About a dozen Ohio Cooperative Living readers were interested enough in my August 2022 Woods, Waters & Wildlife monthly outdoors column story (Specter of the Forest), profiling the wild plant growing deep in Ohio’s woodlands known as ghost plant, ghost pipes, or Indian pipes, that they sent me photos or notes of their own interesting encounters with the plant. Below is a sampling:
Roy Smith, Holmes-Wayne Electric Cooperative
Walking at Mohican State Park recently, I saw a strange white plant I had never seen before. Later that day, while reading the electric co-op magazine, I saw the exact plant mentioned in your article — the ghost plant, really unusual! Thanks for your informative articles.
Mimi Estep, Holmes-Wayne Electric Cooperative
Thank you for your article about the wild plant named ghost pipes/Indian pipes in the August 2022 issue of Ohio Cooperative Living magazine; it really caught my eye. We live near West Holmes High School in a tiny town named Welcome. If you blink, you’ve missed it! We are fortunate to be able to observe all types of wild plants that most people have never heard of. We have blood root, prince’s pine, and Indian pipes. I am obsessed with all the beauty that nature blesses us with. I enjoy photography, and we live in the perfect place for that. I thoroughly enjoyed your article, and wanted to thank you for sharing it.
Karan Burt, Buckeye Rural Electric Cooperative
Thank you for the story about ghost plant in the August 2022 issue of Ohio Cooperative Living. On my hikes at Waterloo Wildlife Area near Athens, I see and photograph ghost plant. At first, I thought it may be some kind of mushroom. I hunt for morels, but photograph many different kinds of mushrooms.
Brooklyn Hoopes, Carroll Electric Cooperative
This accompanying picture is from Boone Hoopes, age seven, and Trapper Hoopes, age four. It was taken in Carroll County on July 29, 2022, while the boys were on a hike with their grandmother, Deb Hoopes, who read your recent article about ghost plant in Ohio Cooperative Living. They were thrilled to find the plant growing in their own back yard after reading your story!
Aaron Curry, Guernsey-Muskingum Electric Cooperative
My wife was browsing through Ohio Cooperative Living and saw your article. She remembered me telling her about a ghost plant YouTube video quite some time ago: https://youtu.be/peBhUI-XXGQ. I think this plant could have medicinal value for chronic Lyme disease issues, but I have never found one. I believe God has created everything in nature necessary for us to maintain optimum health and to medicate naturally. Unfortunately, old, effective remedies and tinctures have been, for the most part, long forgotten. I enjoyed reading your article and found it to be quite interesting.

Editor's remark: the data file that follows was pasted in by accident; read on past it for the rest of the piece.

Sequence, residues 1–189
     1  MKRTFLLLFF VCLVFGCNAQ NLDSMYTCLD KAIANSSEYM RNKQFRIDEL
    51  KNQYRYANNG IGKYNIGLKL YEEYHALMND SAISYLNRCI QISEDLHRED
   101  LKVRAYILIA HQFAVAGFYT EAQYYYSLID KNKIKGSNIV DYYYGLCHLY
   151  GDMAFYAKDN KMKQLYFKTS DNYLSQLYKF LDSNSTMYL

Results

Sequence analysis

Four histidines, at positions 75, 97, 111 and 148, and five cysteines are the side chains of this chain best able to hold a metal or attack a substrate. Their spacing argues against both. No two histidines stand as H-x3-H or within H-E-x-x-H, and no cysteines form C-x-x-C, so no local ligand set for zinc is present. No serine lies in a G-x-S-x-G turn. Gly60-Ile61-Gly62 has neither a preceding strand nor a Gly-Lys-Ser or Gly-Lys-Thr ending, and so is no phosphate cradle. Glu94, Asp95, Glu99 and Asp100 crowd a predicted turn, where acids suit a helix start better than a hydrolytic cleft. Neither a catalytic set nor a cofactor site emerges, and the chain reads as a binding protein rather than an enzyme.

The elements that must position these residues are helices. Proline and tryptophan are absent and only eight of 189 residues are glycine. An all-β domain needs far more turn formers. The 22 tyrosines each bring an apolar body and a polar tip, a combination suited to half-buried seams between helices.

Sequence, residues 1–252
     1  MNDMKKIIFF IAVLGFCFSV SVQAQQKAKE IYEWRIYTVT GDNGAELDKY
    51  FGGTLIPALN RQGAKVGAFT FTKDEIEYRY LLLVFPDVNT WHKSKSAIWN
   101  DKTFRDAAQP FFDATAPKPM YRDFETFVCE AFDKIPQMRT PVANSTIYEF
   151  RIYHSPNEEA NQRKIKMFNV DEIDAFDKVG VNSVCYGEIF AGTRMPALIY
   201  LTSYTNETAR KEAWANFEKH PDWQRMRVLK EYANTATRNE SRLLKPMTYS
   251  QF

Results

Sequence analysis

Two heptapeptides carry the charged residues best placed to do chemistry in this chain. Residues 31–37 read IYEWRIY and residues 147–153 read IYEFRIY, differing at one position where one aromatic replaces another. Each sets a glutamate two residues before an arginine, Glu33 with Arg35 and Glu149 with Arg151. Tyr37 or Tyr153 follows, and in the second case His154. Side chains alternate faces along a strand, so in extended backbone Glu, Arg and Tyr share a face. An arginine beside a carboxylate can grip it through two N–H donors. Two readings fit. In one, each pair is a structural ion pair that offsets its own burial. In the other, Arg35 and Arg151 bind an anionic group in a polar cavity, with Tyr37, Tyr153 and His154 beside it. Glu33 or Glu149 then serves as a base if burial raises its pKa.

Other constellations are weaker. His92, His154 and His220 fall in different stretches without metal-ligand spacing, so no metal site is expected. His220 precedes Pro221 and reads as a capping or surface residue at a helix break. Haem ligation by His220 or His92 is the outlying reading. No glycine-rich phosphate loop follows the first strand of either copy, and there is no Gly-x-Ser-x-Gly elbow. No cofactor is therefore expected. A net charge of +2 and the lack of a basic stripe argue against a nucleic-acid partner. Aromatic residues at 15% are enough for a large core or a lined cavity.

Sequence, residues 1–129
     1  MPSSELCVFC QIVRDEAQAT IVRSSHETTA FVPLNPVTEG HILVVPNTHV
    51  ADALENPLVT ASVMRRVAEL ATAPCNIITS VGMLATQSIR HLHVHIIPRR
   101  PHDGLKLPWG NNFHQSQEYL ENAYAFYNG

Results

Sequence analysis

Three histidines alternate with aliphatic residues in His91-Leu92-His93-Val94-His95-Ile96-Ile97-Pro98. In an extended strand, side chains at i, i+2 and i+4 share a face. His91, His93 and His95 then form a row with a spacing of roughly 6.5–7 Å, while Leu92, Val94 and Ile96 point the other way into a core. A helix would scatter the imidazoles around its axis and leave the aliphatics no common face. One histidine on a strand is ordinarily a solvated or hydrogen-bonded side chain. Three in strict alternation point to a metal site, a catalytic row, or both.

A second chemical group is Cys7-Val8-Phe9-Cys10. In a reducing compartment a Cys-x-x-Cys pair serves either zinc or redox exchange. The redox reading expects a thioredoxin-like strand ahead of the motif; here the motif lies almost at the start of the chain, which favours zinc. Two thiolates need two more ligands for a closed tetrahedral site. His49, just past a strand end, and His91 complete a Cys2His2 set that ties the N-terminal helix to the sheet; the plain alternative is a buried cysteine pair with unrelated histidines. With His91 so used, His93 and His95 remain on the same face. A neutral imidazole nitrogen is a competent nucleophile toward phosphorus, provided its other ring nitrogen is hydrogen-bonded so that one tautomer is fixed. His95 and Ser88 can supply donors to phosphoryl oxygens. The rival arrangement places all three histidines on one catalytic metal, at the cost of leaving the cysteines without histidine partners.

John Kensinger, Carroll Electric Cooperative
Thank you for your interesting article in the recent Ohio Cooperative Living magazine concerning ghost plant. I recently came across some growing on our farm, and would not have known what it was if not for your photos. I just thought I would share this with you, as the plants were very exciting to see. Thanks for the wonderful articles!
Cathy Moore, Washington Electric Cooperative
I was fascinated to read your article in the electric-cooperative magazine. I found some ghost pipe on July 24th last year in our woods, and posted a photo of it on Facebook to learn what it was. I have looked for it in the same place this year, but as of yet have not found any. The plants I found first resembled the photo accompanying your story that you took in Virginia. When I took photos of my plants a few days later, they looked more like your other photo. I’m attaching a photo I took on July 24, 2021.
Harolyn Walker, Holmes-Wayne Electric Cooperative
Friends and I discovered 10 ghost plants in my woods on August 12, 2022. After seeing your picture of the ghost plant in the August 2022 issue of Ohio Cooperative Living, I was able to identify the first one. The plants were not “full,” but we did find at least one “stem” of each in an area within about 10 to 30 feet of my earlier sighting.
Jenni Parsons, The Frontier Power Company
Greetings from Warsaw, Ohio! I’m a third-generation herbalist and part of the Woodland Herbal family (www.woodlandherbal.com). Recently, I received an invite from a neighbor to visit and harvest from a large patch of ghost pipe. We were so excited! Ghost pipe is difficult to find and even harder to harvest and process. It must be harvested carefully and with much respect, as it only grows in very specific conditions and cannot be cultivated.
The patch was wonderful! At least 30 clumps of little white pipes within the very short window of peak growth and health. My husband and I harvested from a few spots, leaving the majority for the use of wild creatures and to ensure the patch will reappear next year. Some herbalists use only the stem and flower, but we use the whole plant, roots and all. Ghost pipe can be dried for tea or as an addition to smoking blends. In these forms, the herb is gentle and slightly relaxing to frazzled nerves.